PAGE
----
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Opera Babes and Other Oxymorons

In the ongoing babe-ification of the Western world, welcome to this week’s episode: Classical Babes 2.0. I’m referring, of course, to “Too Hot to Handel,” a current feature on the online arts and entertainment segment of Playboy.

Sexing up classical music certainly isn’t anything new. I can remember a Beethoven LP cover from the 1970s that featured a nude model holding two strategically placed Beethoven busts. To this day, I can’t remember if that was the album with a whole bunch of Beethoven piano variations, or the one with works like the Choral Fantasy and Creatures of Prometheus. But that cover, I’ll never forget.

Anna NetrebkoAs for this current contest from Playboy, I can’t decide whether to laugh or cry or groan (the thing is filled with hideously awful puns). Yes, it’s a vote-for-your-fave-classical-babe contest. Here you can find opera stars—they do have clothes on—like Anna Netrebko (Lucia di Lammermoor at the Met in January), Danielle de Niese (the Met’s Orfeo in January), and Sarah Coburn (Juliet in last summer’s I Capuleti e I Montecchi at Glimmerglass). Apparently, playing the violin is extremely sexy, judging from the slew of violinists (Jennifer Frautschi, Julia Fischer, Hilary Hahn, Janine Jansen). Another violinist at the Playboy site, Leila Josefowicz, has just been named winner of a MacArthur “Genius” Award. There’s even a token over-40 violinist (Anne-Sophie Mutter) and an oboist, Ariana Ghez, from the Los Angeles Philharmonic. I won’t say who my vote’s on, but since Playboy is kind of retro anyway, it helps if you come off in press photos looking like a 1960s Bond girl.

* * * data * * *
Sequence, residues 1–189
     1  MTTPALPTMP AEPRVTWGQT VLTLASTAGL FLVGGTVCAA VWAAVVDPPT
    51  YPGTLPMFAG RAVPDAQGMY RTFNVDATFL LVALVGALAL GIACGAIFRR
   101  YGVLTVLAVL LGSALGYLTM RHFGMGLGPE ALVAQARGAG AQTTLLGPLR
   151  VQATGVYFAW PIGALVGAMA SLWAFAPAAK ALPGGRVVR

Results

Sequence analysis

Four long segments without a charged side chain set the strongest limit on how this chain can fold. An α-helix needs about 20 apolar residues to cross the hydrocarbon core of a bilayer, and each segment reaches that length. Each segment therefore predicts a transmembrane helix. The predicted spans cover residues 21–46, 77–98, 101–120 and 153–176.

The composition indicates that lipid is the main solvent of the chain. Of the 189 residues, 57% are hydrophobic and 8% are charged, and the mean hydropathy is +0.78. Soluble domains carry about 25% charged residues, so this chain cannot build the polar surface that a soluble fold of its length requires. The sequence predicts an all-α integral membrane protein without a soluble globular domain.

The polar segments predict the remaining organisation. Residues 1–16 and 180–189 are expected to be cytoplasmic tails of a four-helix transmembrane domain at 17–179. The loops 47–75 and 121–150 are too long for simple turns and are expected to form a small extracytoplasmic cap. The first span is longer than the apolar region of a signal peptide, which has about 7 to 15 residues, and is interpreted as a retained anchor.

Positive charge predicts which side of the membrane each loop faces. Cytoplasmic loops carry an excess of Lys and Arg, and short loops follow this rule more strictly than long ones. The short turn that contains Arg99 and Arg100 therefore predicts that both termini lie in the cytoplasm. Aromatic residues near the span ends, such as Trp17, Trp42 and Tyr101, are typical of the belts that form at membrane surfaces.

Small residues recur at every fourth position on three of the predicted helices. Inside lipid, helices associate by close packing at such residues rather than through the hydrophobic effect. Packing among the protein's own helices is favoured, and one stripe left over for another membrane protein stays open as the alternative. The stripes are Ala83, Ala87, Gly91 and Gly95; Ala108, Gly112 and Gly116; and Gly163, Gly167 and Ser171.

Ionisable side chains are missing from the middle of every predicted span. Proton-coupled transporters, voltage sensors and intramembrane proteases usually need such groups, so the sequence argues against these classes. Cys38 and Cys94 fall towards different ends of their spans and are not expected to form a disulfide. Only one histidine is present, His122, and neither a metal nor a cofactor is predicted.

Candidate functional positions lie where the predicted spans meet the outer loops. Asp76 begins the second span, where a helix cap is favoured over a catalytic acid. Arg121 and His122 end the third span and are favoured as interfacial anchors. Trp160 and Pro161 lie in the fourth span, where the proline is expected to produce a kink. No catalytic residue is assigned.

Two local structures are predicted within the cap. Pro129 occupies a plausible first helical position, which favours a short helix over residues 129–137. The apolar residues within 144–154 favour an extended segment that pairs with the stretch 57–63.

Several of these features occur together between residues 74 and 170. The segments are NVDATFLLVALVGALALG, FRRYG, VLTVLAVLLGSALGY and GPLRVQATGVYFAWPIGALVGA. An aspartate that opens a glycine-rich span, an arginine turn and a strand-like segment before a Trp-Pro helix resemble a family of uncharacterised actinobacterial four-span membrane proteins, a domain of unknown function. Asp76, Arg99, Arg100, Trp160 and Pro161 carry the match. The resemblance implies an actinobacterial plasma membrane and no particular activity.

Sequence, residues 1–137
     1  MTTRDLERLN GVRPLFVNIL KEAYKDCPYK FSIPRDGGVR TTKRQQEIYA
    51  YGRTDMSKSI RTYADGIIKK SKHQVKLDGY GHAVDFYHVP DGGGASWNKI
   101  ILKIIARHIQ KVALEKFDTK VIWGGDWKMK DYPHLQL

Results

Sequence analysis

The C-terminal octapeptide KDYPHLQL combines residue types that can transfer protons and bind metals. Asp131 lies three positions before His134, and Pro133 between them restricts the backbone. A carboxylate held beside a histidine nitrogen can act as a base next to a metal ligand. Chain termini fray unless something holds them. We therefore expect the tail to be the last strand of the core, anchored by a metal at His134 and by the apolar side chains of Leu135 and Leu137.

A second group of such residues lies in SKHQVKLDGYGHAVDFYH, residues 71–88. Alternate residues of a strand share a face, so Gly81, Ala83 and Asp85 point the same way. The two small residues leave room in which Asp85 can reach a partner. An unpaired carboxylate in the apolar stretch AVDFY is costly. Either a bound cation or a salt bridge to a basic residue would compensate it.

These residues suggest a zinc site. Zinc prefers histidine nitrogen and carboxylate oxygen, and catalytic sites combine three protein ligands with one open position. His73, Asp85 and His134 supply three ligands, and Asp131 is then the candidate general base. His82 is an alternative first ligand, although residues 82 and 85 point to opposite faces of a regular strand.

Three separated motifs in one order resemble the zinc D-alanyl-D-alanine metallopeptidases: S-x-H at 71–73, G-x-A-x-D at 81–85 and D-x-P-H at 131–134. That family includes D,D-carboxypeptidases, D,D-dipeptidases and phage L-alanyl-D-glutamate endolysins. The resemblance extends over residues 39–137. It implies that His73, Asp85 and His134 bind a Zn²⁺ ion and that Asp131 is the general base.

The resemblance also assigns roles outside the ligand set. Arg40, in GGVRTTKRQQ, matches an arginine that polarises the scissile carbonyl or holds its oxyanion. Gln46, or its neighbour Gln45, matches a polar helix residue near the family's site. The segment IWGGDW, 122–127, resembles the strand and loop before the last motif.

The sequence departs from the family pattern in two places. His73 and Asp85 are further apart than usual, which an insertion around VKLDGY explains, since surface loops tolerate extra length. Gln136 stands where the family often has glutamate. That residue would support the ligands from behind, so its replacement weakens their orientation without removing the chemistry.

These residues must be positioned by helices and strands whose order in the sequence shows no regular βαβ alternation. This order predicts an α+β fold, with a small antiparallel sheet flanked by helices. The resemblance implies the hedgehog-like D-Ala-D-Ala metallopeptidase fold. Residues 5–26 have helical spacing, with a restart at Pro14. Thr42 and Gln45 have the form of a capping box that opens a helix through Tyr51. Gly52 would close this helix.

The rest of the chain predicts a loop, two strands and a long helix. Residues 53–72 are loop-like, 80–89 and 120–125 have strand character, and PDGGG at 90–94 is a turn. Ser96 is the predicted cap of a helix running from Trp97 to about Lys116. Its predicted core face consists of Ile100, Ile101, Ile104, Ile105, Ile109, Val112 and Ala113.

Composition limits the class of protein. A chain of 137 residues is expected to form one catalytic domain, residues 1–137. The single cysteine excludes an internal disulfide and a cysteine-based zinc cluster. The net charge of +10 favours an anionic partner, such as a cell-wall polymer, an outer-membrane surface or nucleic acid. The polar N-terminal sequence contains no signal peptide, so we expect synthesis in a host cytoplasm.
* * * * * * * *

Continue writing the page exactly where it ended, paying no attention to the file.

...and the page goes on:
Here’s the thing. In opera, people do occasionally get naked, though normally it’s because it’s actually part of the plot. Case in point: Prokofiev’s Fiery Angel, which the Kirov Opera brought to New York in the early 1990s, featuring demons, an orgy, and nude nuns flying around the stage. And how about Karita Mattila, the Met’s gutsy Salome, who bares it all, but not in just the literal sense? As Anthony Tommasini wrote in The New York Times on September 24, “I cannot think of a performance on any stage in New York right now that tops Ms. Mattila’s Salome for courage, intensity and emotional nakedness.” Amen to that.

Meanwhile, classical-babe marketing goes on. Today, in fact, I spied a brand-new CD featuring a new “babe,” Alison Balsom. Playing trumpet. Now that’s a first.

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SundayArts is made possible in part by First Republic Bank and by the Rubin Museum of Art. Funding for SundayArts is also made possible by Rosalind P. Walter, The Paul and Irma Milstein Foundation, The Philip & Janice Levin Foundation, Elise Jaffe and Jeffrey Brown, Jody and John Arnhold, and The Lemberg Foundation. This program is supported, in part, by public funds from the New York City Department of Cultural Affairs in partnership with the City Council. Additional funding provided by members of THIRTEEN.
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